More informationMath Workshop October 2010 Fractions and Repeating Decimals
Math Workshop October 2010 Fractions and Repeating Decimals This evening we will investigate the patterns that arise when converting fractions to decimals. As an example of what we will be looking at,
More informationDISCRETE MATHEMATICS W W L CHEN
DISCRETE MATHEMATICS W W L CHEN c W W L Chen, 1982, 2008. This chapter originates from material used by the author at Imperial College, University of London, between 1981 and 1990. It is available free
More informationUndergraduate Notes in Mathematics. Arkansas Tech University Department of Mathematics
Undergraduate Notes in Mathematics Arkansas Tech University Department of Mathematics An Introductory Single Variable Real Analysis: A Learning Approach through Problem Solving Marcel B. Finan c All Rights
More informationDefinition 1 Let a and b be positive integers. A linear combination of a and b is any number n = ax + by, (1) where x and y are whole numbers.
Greatest Common Divisors and Linear Combinations Let a and b be positive integers The greatest common divisor of a and b ( gcd(a, b) ) has a close and very useful connection to things called linear combinations
More informationChapter 3. Cartesian Products and Relations. 3.1 Cartesian Products
Chapter 3 Cartesian Products and Relations The material in this chapter is the first real encounter with abstraction. Relations are very general thing they are a special type of subset. After introducing
More informationMAT2400 Analysis I. A brief introduction to proofs, sets, and functions
MAT2400 Analysis I A brief introduction to proofs, sets, and functions In Analysis I there is a lot of manipulations with sets and functions. It is probably also the first course where you have to take
More informationChapter 2 Limits Functions and Sequences sequence sequence Example
Chapter Limits In the net few chapters we shall investigate several concepts from calculus, all of which are based on the notion of a limit. In the normal sequence of mathematics courses that students
More information26 Integers: Multiplication, Division, and Order
26 Integers: Multiplication, Division, and Order Integer multiplication and division are extensions of whole number multiplication and division. In multiplying and dividing integers, the one new issue
More informationThis section demonstrates some different techniques of proving some general statements.
Section 4. Number Theory 4.. Introduction This section demonstrates some different techniques of proving some general statements. Examples: Prove that the sum of any two odd numbers is even. Firstly you
More informationLESSON 1 PRIME NUMBERS AND FACTORISATION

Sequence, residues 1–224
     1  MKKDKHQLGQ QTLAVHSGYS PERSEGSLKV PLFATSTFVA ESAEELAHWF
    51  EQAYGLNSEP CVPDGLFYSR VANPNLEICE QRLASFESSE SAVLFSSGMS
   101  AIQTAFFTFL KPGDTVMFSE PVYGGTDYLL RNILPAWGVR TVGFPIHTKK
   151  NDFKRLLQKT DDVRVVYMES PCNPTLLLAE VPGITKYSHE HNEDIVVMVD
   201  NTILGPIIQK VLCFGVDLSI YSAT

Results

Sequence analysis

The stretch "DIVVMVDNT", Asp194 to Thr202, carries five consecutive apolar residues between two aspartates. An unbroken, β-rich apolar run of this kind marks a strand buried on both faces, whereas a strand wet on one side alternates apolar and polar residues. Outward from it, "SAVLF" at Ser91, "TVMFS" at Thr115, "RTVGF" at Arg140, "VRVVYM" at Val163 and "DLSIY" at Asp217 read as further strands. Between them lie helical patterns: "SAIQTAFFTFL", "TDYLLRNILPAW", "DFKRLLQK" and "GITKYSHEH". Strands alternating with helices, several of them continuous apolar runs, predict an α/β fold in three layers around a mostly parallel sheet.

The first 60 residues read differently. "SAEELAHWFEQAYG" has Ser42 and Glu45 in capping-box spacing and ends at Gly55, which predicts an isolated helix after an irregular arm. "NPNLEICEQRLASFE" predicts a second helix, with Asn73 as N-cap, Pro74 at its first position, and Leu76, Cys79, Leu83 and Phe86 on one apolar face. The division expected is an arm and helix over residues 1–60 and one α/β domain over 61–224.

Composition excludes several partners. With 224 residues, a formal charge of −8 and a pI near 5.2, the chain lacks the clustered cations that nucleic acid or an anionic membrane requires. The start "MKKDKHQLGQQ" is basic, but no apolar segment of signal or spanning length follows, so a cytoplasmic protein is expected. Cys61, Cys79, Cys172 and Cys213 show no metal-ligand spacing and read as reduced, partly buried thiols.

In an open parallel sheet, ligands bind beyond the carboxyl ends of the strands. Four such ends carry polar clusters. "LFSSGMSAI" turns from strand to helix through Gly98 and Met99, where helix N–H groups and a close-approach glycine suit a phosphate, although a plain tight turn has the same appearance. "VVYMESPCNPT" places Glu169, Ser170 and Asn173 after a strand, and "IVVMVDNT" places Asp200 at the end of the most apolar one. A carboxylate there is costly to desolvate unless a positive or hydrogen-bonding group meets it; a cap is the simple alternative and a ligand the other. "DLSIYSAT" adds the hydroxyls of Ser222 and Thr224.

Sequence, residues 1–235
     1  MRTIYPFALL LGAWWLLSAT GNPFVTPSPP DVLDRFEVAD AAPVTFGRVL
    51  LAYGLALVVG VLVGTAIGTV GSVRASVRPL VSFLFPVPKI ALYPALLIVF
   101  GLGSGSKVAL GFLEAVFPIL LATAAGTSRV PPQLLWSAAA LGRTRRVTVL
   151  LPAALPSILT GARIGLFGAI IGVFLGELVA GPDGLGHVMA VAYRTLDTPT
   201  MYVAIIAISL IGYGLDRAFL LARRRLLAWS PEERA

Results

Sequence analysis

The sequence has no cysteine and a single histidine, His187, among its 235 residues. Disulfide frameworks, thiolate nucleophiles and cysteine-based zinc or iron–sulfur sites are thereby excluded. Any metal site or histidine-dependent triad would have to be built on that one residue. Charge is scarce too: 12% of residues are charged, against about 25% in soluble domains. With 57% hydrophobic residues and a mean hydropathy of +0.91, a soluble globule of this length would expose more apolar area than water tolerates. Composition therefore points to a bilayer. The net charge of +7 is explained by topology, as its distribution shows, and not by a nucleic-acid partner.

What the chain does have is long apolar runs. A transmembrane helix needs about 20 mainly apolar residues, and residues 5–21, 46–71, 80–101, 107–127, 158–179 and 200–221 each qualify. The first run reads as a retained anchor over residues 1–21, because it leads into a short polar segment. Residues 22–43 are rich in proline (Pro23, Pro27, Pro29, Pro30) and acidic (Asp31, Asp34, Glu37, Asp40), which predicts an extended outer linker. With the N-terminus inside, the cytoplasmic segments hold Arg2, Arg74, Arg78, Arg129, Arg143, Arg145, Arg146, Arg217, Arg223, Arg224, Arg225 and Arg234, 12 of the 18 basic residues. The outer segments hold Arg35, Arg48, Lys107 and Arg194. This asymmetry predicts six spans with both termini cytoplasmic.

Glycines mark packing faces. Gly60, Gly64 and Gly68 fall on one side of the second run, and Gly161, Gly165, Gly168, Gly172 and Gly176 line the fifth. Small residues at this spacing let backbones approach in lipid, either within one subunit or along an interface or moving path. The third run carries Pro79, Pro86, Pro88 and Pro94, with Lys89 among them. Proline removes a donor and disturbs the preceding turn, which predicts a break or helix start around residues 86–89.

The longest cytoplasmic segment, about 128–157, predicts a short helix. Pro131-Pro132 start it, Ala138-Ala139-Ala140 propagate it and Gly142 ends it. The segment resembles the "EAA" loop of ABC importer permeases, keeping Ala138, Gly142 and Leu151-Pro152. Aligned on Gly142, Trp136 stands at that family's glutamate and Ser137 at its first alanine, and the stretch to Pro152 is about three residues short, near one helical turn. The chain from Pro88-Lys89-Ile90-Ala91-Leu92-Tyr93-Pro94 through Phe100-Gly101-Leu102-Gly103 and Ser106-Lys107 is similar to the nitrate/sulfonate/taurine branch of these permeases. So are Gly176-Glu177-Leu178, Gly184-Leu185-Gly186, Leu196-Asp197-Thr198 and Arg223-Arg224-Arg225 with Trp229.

LESSON 1 PRIME NUMBERS AND FACTORISATION 1.1 FACTORS: The natural numbers are the numbers 1,, 3, 4,. The integers are the naturals numbers together with 0 and the negative integers. That is the integers
More informationChapter 6. Number Theory. 6.1 The Division Algorithm
Chapter 6 Number Theory The material in this chapter offers a small glimpse of why a lot of facts that you ve probably nown and used for a long time are true. It also offers some exposure to generalization,
More informationHomework 5 Solutions
Homework 5 Solutions 4.2: 2: a. 321 = 256 + 64 + 1 = (01000001) 2 b. 1023 = 512 + 256 + 128 + 64 + 32 + 16 + 8 + 4 + 2 + 1 = (1111111111) 2. Note that this is 1 less than the next power of 2, 1024, which
More informationPractice Problems for First Test
Mathematicians have tried in vain to this day to discover some order in the sequence of prime numbers, and we have reason to believe that it is a mystery into which the human mind will never penetrate.
More informationMathematical induction & Recursion
CS 441 Discrete Mathematics for CS Lecture 15 Mathematical induction & Recursion Milos Hauskrecht milos@cs.pitt.edu 5329 Sennott Square Proofs Basic proof methods: Direct, Indirect, Contradiction, By Cases,
More informationChapter 6 Finite sets and infinite sets. Copyright 2013, 2005, 2001 Pearson Education, Inc. Section 3.1, Slide 1
Chapter 6 Finite sets and infinite sets Copyright 013, 005, 001 Pearson Education, Inc. Section 3.1, Slide 1 Section 6. PROPERTIES OF THE NATURE NUMBERS 013 Pearson Education, Inc.1 Slide Recall that denotes
More information15 Prime and Composite Numbers
15 Prime and Composite Numbers Divides, Divisors, Factors, Multiples In section 13, we considered the division algorithm: If a and b are whole numbers with b 0 then there exist unique numbers q and r such
More informationMathematical Induction
Mathematical S 0 S 1 S 2 S 3 S 4 S 5 S 6 S 7 S 8 S 9 S 10 Like dominoes! Mathematical S 0 S 1 S 2 S 3 S4 S 5 S 6 S 7 S 8 S 9 S 10 Like dominoes! S 4 Mathematical S 0 S 1 S 2 S 3 S5 S 6 S 7 S 8 S 9 S 10
More informationThe Foundations: Logic and Proofs. Chapter 1, Part III: Proofs
The Foundations: Logic and Proofs Chapter 1, Part III: Proofs Rules of Inference Section 1.6 Section Summary Valid Arguments Inference Rules for Propositional Logic Using Rules of Inference to Build Arguments
More informationInduction Problems. Tom Davis November 7, 2005
Induction Problems Tom Davis tomrdavis@earthlin.net http://www.geometer.org/mathcircles November 7, 2005 All of the following problems should be proved by mathematical induction. The problems are not necessarily